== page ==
In the end, if M remains confined in a home she is entitled to ask ‘what for?’ The only answer that could be provided at the moment is ‘to keep you alive as long as possible’. In my view that is not a sufficient answer. The right to life and the state’s obligation to protect it is not absolute and the court must surely have regard to the person’s own assessment of her quality of life. In M’s case there is little to be said for a solution that attempts without any guarantees of success to preserve for her a daily life without meaning or happiness which she, with some justification, regards as insupportable. (Emphasis added)
  3. Substitute and supported decision-making can coexist. Even where a person lacks capacity in law, they do not lose their right to participate in decision-making that affects them. To this end, the standard by which the appointee, or substitute decision-maker is to act, requires them to support the person and take into account their will and preferences in reaching a decision.
Capacity is not an “off-switch” to rights and freedoms
  1. In Wye Valley NHS Trust v Mr B,370 the COP affirmed the right of an individual to refuse life- saving treatment, even though he lacked capacity as a result of mental illness marked by religious delusions. Mr B suffered from Type 2 diabetes but resisted medication for a chronic foot ulcer and developed gangrene in his leg. Without an amputation, the medical evidence suggested he would succumb to an overwhelming infection and die within days. When it came to an assessment of Mr B’s best interests, the judge met with Mr B. Mr Justice Jackson came to the clear conclusion that an enforced amputation would not be in Mr B’s best interests:371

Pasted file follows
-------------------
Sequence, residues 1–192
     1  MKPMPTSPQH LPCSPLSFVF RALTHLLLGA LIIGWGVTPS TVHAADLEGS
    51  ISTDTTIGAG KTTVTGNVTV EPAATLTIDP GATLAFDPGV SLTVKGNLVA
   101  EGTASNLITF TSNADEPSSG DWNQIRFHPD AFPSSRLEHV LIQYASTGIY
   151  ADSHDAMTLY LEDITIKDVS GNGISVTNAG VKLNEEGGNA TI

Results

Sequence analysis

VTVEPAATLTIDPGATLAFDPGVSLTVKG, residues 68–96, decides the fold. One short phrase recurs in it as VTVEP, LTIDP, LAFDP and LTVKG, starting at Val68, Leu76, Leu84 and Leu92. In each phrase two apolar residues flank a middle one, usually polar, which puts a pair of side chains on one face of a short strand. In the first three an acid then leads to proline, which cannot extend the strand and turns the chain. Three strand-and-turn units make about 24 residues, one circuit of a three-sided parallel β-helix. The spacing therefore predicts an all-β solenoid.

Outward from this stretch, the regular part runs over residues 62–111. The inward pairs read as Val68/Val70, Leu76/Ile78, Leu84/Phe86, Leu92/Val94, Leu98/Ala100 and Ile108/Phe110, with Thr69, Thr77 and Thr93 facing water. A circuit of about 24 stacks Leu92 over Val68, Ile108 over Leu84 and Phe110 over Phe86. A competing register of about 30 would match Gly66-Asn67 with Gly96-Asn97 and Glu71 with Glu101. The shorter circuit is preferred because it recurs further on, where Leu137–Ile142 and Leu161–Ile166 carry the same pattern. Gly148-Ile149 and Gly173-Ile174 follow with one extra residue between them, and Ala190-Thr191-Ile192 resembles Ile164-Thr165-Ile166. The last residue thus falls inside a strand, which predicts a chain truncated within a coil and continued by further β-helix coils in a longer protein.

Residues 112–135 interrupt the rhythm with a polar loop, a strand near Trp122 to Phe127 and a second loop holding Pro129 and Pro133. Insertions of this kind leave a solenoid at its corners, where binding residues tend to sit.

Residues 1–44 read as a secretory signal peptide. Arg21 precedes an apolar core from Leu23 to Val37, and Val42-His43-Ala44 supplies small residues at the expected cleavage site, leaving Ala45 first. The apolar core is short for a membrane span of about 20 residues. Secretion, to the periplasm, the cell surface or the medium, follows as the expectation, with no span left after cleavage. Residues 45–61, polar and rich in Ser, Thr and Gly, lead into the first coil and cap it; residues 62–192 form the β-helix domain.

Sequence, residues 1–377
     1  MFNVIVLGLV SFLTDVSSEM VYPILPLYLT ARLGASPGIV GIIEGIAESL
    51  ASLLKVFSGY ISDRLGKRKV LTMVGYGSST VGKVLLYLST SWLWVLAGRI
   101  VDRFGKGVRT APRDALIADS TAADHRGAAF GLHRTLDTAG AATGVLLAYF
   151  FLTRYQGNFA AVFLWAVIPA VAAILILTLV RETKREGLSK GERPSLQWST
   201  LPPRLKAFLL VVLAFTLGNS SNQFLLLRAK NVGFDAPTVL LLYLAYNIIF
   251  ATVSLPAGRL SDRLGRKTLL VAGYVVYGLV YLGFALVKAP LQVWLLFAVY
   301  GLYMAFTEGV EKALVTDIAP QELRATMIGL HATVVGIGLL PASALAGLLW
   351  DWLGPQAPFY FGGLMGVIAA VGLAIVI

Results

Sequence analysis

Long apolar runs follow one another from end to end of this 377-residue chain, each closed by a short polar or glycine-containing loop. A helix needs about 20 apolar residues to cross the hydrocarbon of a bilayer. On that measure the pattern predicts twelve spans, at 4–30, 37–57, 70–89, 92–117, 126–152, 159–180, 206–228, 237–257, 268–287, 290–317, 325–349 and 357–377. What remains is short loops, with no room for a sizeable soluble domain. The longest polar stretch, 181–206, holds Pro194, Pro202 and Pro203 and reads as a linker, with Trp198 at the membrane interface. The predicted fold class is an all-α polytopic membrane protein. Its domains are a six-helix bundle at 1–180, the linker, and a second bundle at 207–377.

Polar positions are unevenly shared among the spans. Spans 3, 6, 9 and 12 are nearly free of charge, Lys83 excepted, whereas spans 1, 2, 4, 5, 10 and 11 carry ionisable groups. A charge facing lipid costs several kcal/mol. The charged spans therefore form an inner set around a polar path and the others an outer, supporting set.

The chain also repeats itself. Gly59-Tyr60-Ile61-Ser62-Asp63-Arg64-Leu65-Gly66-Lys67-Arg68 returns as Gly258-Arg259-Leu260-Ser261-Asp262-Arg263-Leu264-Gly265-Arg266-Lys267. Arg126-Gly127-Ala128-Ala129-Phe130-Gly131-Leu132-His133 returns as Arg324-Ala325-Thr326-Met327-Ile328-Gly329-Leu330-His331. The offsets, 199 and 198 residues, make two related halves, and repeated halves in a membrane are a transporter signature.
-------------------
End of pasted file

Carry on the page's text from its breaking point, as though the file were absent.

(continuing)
This is not an academic issue, but a necessary protection for the rights of people disabilities. As the Act and European Convention make clear, a conclusion that a person lacks decision-making capacity is not an 'off-switch' for his rights and freedoms. To state the obvious, the wishes and feelings, beliefs and values of people with a mental disability are as important to them as they are to anyone else, and may even be more important. (Emphasis added)


366CC v KK, above n 362 at [68].

367 Re M (Best Interests: Deprivation of Liberty) [2013] EWHC 3456 (COP) Peter Jackson J.